3. If a guard approaches you just tell him your looking for food and he'll either leave you alone or just tell you to leave.
4. You have to dig.
5. You might have to go in the dumpster.
6. Wash off everything after you haul your take.
7. Freeze all meats and breads.
The whole dumpster diving process seems really gross till you get back and have the food washed off. The next morning you look at what you have and all of a sudden you are like: 'hey this is some pretty tasty food I got here'. So far I have eaten three dumpster meals, tortellini with clam sauce, a mushroom and potato omelet, and Naan-wrapped sausages. They were all delicious and usually accompanied by steamed vegetables or fresh fruit (strawberries and clementines).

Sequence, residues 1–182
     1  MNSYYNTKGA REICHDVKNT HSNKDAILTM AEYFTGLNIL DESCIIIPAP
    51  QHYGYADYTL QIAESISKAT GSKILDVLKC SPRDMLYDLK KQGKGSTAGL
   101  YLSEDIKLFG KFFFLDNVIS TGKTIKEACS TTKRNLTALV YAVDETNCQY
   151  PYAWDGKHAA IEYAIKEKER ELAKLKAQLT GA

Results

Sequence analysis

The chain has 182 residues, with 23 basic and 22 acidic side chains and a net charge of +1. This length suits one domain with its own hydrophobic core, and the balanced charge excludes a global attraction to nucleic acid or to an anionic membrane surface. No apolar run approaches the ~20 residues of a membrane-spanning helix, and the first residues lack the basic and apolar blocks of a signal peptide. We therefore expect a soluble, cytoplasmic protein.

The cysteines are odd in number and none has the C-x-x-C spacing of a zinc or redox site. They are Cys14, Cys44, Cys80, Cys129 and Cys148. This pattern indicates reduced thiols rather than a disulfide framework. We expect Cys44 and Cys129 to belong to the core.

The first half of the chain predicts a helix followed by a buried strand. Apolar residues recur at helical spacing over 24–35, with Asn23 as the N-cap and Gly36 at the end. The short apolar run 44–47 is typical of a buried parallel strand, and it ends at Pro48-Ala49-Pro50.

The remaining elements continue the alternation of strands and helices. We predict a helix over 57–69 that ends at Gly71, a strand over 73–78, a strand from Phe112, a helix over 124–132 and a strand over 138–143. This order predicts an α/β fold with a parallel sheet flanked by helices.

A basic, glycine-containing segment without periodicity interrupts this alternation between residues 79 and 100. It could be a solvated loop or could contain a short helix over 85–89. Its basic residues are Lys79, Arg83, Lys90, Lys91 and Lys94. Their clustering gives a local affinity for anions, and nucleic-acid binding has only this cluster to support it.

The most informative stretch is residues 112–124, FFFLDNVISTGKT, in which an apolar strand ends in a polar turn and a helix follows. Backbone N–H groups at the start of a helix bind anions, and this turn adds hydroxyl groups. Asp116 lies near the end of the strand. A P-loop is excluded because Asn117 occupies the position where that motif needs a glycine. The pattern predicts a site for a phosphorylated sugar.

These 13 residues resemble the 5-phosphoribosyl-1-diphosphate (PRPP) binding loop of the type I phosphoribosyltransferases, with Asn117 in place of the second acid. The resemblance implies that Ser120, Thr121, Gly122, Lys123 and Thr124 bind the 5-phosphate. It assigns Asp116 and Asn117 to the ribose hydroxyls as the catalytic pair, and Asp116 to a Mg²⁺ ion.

How this dumpster-bounty can exist is a mystery that's worth considering. Essentially, the good dumpster food we found usually fell in one of the following categories.
1. It was at the expiration date
2. It was dented or had a label torn
3. It was sliced open somehow
4. It was covered in some milky substance
These things make the food slightly riskier, but the price is certainly right. Plus, anything you are even a bit unsure about can very easily be trashed, because there is a dumpster conveniently located all around your body.
As you might have noted from the rules, it really helps a dumpster diver to have a base of operations with a fridge/freezer, sink and stove. So the whole dumpster diving thing is not the best solution for me right now, being on the road and all. But, you better believe that when I do settle down again I'm gonna scope the area for Trader Joe's and never buy food again.